On the Shelf is a short and sweet weekly column in which I discuss whatever I’ve been doing, creating, reading and watching. You know, the sort of thing most normal blogs have.
When I began On The Shelf a few months back I vowed to write an update every week, without fail, and… so… but… well… this happened.
There’s more to come. Much, much more.
Please excuse the BraveStarr bag. I didn’t know any better back then.
Next week my mother will finally move out of what was once my home, a building that’s regretfully acted as a storage unit for my comics and old toys (sorry, memorabilia) for a few years too many. My current flat is now swamped with dozens of comic long boxes and bags of comic-related toys and other crap.
Other than consuming my week (and probably next week too) and pushing my poor girlfriend to the brink of a nervous breakdown, collecting all my old stuff has made me reflect on how my attitude to comics has changed over the years. You see, I used to collect comics. Over half the comics I bought I never even read, and I continued to buy them because the act of purchasing something frivolous made me happy for all of five minutes. It took a near-miss with homelessness to update my priorities, and nowadays I tend to buy only trades and one-off graphic novels. Almost all of these I read.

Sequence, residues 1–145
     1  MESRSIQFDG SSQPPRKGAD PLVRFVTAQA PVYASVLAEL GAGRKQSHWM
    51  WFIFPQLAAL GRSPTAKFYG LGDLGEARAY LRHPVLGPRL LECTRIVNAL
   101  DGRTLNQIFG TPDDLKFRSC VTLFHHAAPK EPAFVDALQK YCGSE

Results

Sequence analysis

I’d like to think that it’s not just me that’s changed, but many comic readers, and even the industry. Collecting thousands of pamphlets that will one day be worth a quarter of what you originally paid will never prove half as rewarding as just sitting down and losing yourself to a good comic, preferably told with sincerity and owned by its creator, and I think the comic stalwarts of my generation are beginning to realise this.
I’m now rifling through these boxes to find the first appearances of Miles Morales for my cousin’s six year-old boy, Eli. He’s been bitten by the Spider-man bug, but his dad is struggling to find much Morales stuff for him. Giving away my comics would have once reduced me to tears, but not any more. Comics deserve to be handed down to the next generation of fans, not hoarded like precious artefacts; barring the few genuine antiques, of course.